Afternoon Edition: Oct. 22, 2021

Today’s update is a 5-minute read that will brief you on the day’s biggest stories.

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Democratic secretary of state candidate Alexi Giannoulias speaks to striking Cook County workers in June.

Democratic secretary of state candidate Alexi Giannoulias speaks to striking Cook County workers in June.

Ashlee Rezin/Sun-Times file

Good afternoon. Here’s the latest news you need to know in Chicago. It’s about a 5-minute read that will brief you on today’s biggest stories.

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Afternoon Edition

Chicago’s most important news of the day, delivered every weekday afternoon. Plus, a bonus issue on Saturdays that dives into the city’s storied history.

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Top story

4 involved in failed Broadway Bank backing Alexi Giannoulias’ run for secretary of state

Former Illinois state Treasurer Alexi Giannoulias saw his political career derailed 11 years ago by the collapse of his family’s Broadway Bank, whose failure cost the Federal Deposit Insurance Corp. more than $383 million.

Now, Giannoulias, who’s trying to get back into politics with a run for Illinois secretary of state, has taken campaign money from four top officials of the Chicago bank.

Among them are his two brothers, who ran the bank, which federal regulators shut down over losses that included more than $100 million in bad loans made to 17 failed commercial projects from New York to Los Angeles.

Giannoulias has accepted $24,000 in campaign contributions from the four former Broadway Bank officials, campaign finance records show.

He got $6,000 contributions Jan. 20 from each of his brothers — Demetris Giannoulias, who was president and chief executive officer of Broadway Bank when it failed, and George Giannoulias, who was chairman of the bank’s board of directors.

The same day, the former state treasurer got $6,000 contributions from two former bank board members — businessman Steven Dry, who was on the board when it was shut down, and real estate magnate Sean Conlon, who left the board more than a year before the bank failed.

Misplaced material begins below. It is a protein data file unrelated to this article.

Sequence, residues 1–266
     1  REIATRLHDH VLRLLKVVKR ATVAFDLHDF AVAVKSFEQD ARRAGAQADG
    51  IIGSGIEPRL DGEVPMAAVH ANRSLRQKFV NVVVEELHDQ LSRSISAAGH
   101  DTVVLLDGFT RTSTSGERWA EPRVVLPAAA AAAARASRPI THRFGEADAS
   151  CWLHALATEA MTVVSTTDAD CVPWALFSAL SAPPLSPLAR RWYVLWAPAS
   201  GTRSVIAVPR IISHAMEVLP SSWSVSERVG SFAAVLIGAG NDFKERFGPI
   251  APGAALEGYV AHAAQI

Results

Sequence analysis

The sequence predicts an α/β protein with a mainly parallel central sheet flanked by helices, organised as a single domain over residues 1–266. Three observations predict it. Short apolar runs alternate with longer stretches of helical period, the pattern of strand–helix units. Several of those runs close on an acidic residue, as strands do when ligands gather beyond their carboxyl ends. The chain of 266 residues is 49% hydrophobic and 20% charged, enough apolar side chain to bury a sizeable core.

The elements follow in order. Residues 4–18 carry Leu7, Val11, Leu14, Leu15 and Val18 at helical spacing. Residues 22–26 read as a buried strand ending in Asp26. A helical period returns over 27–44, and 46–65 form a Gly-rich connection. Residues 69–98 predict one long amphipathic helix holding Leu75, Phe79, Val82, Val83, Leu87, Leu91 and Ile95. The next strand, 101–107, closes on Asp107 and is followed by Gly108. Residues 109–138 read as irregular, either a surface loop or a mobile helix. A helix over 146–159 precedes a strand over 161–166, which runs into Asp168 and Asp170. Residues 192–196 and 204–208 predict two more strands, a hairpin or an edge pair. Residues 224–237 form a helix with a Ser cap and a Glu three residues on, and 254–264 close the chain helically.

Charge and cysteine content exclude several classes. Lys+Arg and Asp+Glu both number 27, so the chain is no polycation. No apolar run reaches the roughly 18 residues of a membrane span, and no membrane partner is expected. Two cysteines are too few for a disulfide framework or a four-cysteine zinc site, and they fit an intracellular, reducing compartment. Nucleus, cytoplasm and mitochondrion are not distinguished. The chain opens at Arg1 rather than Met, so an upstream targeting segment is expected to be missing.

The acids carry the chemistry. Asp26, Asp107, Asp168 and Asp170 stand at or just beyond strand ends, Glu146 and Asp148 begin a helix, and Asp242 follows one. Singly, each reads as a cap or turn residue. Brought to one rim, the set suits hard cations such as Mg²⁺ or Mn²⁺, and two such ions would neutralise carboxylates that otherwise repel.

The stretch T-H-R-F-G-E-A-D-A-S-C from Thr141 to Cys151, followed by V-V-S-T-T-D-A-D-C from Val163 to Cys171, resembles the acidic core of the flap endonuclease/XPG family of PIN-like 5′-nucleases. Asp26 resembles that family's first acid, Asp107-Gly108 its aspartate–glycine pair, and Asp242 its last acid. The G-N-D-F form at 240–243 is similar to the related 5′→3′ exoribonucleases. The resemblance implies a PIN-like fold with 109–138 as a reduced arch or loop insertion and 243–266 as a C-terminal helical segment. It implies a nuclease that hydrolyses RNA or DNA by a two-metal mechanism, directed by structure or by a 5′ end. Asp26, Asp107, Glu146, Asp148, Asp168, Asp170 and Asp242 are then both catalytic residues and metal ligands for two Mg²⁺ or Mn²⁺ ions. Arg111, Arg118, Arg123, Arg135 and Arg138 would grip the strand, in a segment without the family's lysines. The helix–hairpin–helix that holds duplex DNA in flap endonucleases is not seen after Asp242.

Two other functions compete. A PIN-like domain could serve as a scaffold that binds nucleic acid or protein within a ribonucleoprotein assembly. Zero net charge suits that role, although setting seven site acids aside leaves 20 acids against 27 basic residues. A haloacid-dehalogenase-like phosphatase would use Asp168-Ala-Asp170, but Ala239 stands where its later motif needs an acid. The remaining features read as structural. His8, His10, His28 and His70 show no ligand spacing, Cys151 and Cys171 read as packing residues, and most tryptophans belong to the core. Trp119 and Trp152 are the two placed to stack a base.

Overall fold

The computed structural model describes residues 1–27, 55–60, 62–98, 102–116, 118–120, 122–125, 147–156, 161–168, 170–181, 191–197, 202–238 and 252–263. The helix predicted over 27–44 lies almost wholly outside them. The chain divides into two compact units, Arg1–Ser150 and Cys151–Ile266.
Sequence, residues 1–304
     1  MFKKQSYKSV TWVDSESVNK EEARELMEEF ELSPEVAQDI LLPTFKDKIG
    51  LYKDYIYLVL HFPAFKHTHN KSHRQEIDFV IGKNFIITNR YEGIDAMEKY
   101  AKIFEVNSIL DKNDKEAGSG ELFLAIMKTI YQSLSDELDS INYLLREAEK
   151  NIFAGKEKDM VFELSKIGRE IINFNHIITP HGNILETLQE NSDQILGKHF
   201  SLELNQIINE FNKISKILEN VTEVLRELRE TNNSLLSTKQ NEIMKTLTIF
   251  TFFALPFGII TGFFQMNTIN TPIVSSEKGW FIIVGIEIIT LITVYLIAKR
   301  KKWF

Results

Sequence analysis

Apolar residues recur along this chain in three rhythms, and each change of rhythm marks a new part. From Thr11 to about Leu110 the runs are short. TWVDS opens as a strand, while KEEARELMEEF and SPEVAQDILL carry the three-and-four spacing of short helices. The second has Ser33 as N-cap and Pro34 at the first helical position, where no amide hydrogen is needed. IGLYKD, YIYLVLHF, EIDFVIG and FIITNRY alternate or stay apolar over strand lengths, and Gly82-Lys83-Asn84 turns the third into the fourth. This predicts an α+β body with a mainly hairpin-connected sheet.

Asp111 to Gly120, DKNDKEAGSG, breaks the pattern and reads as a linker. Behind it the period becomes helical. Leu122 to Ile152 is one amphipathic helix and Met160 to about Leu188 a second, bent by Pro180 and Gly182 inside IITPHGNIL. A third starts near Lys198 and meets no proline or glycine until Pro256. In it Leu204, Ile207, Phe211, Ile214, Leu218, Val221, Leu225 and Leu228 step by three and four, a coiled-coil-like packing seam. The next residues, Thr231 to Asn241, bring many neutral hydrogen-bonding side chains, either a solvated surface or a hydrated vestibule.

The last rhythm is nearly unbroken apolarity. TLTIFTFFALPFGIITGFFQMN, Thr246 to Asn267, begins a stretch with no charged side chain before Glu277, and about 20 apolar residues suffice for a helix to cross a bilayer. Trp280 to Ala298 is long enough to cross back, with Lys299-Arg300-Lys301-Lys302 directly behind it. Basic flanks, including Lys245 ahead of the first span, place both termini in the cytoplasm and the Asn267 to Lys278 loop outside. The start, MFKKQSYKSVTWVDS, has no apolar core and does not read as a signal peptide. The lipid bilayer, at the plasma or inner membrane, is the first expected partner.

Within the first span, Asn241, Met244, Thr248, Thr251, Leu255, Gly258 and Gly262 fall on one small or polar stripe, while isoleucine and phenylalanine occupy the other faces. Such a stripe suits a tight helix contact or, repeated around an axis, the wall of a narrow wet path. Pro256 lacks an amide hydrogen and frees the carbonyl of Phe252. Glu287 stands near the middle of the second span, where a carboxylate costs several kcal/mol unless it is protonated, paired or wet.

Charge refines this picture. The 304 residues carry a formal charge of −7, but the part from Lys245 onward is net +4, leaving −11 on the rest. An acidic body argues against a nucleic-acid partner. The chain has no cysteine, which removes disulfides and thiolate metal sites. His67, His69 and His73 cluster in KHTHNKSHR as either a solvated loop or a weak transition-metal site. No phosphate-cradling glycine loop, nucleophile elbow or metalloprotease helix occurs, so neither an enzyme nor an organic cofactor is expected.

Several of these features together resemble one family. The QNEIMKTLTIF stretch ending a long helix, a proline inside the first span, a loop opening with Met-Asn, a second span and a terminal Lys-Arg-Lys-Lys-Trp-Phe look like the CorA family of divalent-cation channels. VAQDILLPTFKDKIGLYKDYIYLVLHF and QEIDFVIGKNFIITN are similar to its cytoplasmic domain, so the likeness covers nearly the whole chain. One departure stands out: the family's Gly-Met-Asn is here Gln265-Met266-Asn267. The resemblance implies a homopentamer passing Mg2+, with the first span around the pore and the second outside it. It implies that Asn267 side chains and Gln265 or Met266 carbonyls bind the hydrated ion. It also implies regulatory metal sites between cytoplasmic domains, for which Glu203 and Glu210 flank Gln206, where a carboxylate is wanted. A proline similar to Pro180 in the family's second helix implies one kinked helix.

He also got $6,000 contributions from Demetris Giannoulias’ wife and Dry’s wife.

Giannoulias’ brothers, Dry and Conlon were among nine Broadway Bank officials the FDIC sued, trying to recover the $100 million-plus the bank lent to the 17 failed commercial projects.

Read more from Tim Novak and Robert Herguth on Giannoulias’ campaign fundraising here.

More news you need

  1. Chicago would gain two majority Latino wards at the expense of majority African American wards under a new map drafted by the City Council’s Latino Caucus. The first of several maps to be filed with the city clerk’s office also creates a new ward that is 49% Asian American by merging Chinatown with Bridgeport.
  2. More than five months after putting a controversial scrap-metal operation’s permit review on hold, the city is preparing to reveal its analysis of possible environmental and health threats to nearby residents. On Nov. 4, the city will hold a public meeting to reveal its assessment related to the proposed opening of the relocated, rebranded General Iron car-shredding operation along the Calumet River.
  3. A coalition of advocates yesterday launched a new initiative called the “Immigrant Health Academy” aimed at helping suburban immigrants access health care options. The two-year pilot project will develop suburban immigrant leaders who will spread information about how these communities can access health care options regardless of immigration status.
  4. Family, friends and former students are remembering the life and legacy of dancer and renowned teacher Mildred “Millie” Cruzat, who died in July at age 94. In interviews with our Maureen O’Donnell, they recalled a woman who was chic, vivacious, age-defying, regal and charming.